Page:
On Tuesday, NBC’s Today show finally began taking the subject of media bias seriously – at least when it comes to British tabloid coverage of their favorite royal couple, Prince Harry and Meghan Markle. Lacking the slightest amount of self-awareness, hosts complained that the royals “weren’t covered fairly in the press” and subjected to a negative media “narrative” in the U.K.
On Tuesday, journalists on all three network morning shows joined liberal celebrities in rushing to defend Prince Harry and Meghan Markle against accusations of hypocrisy after the supposedly environmentally-conscious royal couple took two different trips on private jets within a week. Reporters on CBS, NBC, and ABC touted other wealthy elites like Elton John and Ellen DeGeneres scolding critics for daring to question the royals’ controversial travel habits.
On ABC’s Good Morning America Wednesday, the news team fawned over the UK’s Prince Harry vow to only have one more child to save the planet. Anchor Amy Robach teased the upcoming report with gushy enthusiasm, calling the weird reveal, “The Prince’s pledge,” out of concern for “his greatest cause.”
During the 3:00 p.m. hour of Monday's CNN Newsroom, the panel repeatedly compared President Trump to a king as they covered his state visit with Britain’s Queen Elizabeth II. In addition to indulging her guests’ suggestions that the President would like to be a king, host Brooke Baldwin teed up British journalist Harry Mount to trash the President.
On Friday, the Daily Beast's Michael Daly posted: "The All-American Ritual of a School Shooting, This Time in Santa Fe." In it, he failed to follow through on a promise to draw a comparison between the then-imminent "rituals" involved in British royal weddings" and Friday's school shooting in Texas.
ABC and CBS's evening newscasts on Friday spotlighted the friendly transatlantic trash-talking between the British and American heads of state. However, the programs failed to cover the latest too-close intercept of American military assets by Russian aircraft. On World News Tonight, ABC's David Muir touted "the royal mic drop — the Queen and Prince Harry responding to the First Family's challenge" over the upcoming Invictus Games for wounded veterans. On CBS Evening News, Scott Pelley trumpeted that "it's not often that the Queen gets involved in a Twitter war. She and Prince Harry traded barbs with President and Mrs. Obama."
During a panel discussion on Wednesday's NBC Today, attorney Star Jones and the network's chief medical editor Nancy Snyderman hyperventilated over Britain's Prince Harry revealing in interviews that he killed Taliban fighters during combat in Afghanistan. Jones fretted: "Why do you need to antagonize the Taliban?" [Listen to the audio or watch the video after the jump]
On Friday's NBC Today, as co-host Meredith Vieira spoke with correspondent Ben Fogle about Britain's Prince Harry being temporarily stuck at the North Pole, the headline on screen read: "Cooling His Heels; Prince Harry Stuck in the Artic." Halfway through the segment, the show's graphics department apparently noticed the spelling error, changing it to "Arctic."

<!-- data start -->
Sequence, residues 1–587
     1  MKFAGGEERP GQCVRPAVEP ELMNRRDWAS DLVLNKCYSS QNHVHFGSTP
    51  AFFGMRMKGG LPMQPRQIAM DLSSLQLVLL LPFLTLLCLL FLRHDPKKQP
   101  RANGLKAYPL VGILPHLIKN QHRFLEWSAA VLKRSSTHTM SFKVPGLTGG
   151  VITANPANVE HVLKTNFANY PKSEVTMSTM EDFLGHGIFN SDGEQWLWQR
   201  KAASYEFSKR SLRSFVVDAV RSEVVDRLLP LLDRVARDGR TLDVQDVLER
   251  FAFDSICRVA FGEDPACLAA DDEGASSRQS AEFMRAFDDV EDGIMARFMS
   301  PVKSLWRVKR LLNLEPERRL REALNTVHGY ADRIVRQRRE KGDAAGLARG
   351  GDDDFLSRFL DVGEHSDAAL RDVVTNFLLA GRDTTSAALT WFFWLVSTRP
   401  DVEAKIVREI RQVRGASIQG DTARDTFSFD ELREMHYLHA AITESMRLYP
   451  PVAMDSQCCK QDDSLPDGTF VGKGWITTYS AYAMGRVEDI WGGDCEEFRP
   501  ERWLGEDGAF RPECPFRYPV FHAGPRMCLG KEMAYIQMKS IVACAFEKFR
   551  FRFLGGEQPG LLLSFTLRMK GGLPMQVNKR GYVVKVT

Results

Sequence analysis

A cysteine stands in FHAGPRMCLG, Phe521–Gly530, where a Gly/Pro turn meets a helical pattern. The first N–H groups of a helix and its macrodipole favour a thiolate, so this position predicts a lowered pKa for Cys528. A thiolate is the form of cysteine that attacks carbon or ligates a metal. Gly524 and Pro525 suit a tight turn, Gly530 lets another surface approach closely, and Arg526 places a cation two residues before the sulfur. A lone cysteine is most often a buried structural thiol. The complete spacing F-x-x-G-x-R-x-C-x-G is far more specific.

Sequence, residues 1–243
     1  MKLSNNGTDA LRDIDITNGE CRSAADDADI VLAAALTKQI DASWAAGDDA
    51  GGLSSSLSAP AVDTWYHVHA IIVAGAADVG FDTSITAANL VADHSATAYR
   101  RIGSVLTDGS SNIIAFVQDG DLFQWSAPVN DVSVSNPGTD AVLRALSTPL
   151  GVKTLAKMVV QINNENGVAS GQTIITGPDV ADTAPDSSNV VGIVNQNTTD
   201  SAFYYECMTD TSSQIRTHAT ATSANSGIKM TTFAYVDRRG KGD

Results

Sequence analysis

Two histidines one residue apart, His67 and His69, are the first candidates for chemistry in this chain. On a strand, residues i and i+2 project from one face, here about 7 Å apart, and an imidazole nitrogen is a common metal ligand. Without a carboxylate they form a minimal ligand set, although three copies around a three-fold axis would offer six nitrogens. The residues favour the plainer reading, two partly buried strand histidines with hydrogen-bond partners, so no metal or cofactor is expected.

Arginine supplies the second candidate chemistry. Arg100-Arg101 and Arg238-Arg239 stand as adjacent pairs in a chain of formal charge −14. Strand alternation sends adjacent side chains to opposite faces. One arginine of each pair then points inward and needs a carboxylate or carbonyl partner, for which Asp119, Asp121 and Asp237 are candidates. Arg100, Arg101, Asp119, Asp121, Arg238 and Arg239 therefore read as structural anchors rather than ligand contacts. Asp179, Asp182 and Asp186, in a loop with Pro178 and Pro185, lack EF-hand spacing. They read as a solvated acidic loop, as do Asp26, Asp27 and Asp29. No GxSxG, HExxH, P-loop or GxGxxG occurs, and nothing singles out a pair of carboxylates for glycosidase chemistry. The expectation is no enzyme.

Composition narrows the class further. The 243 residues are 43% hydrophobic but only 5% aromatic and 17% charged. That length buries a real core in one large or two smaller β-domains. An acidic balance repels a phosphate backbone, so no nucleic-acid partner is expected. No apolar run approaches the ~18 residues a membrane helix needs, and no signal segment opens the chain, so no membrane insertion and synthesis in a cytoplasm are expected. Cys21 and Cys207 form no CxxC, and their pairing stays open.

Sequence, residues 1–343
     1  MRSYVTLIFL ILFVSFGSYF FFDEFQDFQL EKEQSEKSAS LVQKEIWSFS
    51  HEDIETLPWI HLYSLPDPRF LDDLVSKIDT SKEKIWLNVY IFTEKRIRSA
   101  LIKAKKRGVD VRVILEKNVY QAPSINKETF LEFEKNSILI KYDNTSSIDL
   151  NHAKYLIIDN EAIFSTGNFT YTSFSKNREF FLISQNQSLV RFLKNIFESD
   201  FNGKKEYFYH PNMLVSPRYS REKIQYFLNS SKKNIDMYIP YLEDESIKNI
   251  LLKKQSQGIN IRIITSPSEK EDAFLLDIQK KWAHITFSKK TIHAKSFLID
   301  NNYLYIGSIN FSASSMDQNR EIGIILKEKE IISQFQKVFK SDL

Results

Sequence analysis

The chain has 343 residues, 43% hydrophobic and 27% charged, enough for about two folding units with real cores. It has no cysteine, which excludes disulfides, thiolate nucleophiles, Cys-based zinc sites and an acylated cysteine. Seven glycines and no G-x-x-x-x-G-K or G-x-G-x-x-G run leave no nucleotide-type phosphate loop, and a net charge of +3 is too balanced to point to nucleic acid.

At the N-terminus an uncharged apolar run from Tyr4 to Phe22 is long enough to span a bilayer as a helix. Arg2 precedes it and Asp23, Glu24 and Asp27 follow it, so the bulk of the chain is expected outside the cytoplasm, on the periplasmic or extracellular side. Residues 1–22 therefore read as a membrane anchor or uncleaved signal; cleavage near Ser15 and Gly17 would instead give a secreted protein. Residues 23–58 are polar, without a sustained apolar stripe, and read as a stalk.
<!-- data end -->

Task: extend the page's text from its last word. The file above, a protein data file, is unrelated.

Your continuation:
The morning news program has done several stories on Prince Harry's travels in recent days, making the mistake all the more odd.
Poynter Institute's Scholar for Journalistic Values Bob Steele must not plan on bending an elbow at a British pub anytime soon. Not only did Steele scold the journalists who agreed to keep Prince Harry's Afghanistan deployment secret, he condescendingly dismissed Harry's honorable service to his country (emphasis mine):
But even if one accepts that news reports might heighten a danger, there are other logical challenges to this secrecy about Harry the soldier. To the best of my knowledge, there was no compelling reason for Prince Harry to go to Afghanistan as an army officer. There was nothing essential that he, personally, brought to the battlefield. He had no specific duty or skill that was irreplaceable. Praise him, if you will, for his spirit or his patriotism. But it's certainly not justification for the risks taken or the journalistic principles sacrificed.
"Good Morning America" co-host Chris Cuomo joked on Monday's show that Britain's Prince Harry "has been over in Afghanistan fighting because he's expendable." Fellow host Robin Roberts appeared somewhat shocked by the comment and sputtered, "What did you say?" Cuomo, who was previewing an ABC special on the royals, didn't back off his assertion and reiterated, "It's true. The reason that Harry is allowed to be in Afghanistan is because he's not the heir to the throne. William's not allowed to be there."
While Harry may not be next in line to be king, it's in very poor taste for a professional journalist to make such a snide remark. After all, Prince Harry went to Afghanistan to bravely serve his country, not because he's "expendable." And perhaps it should be pointed out that it was Chris Cuomo's brother, Andrew, who entered politics and carried on the legacy of father and former New York Governor Mario Cuomo. Is Chris Cuomo's career in journalism, by extension, a reflection of the fact that he's "expendable?"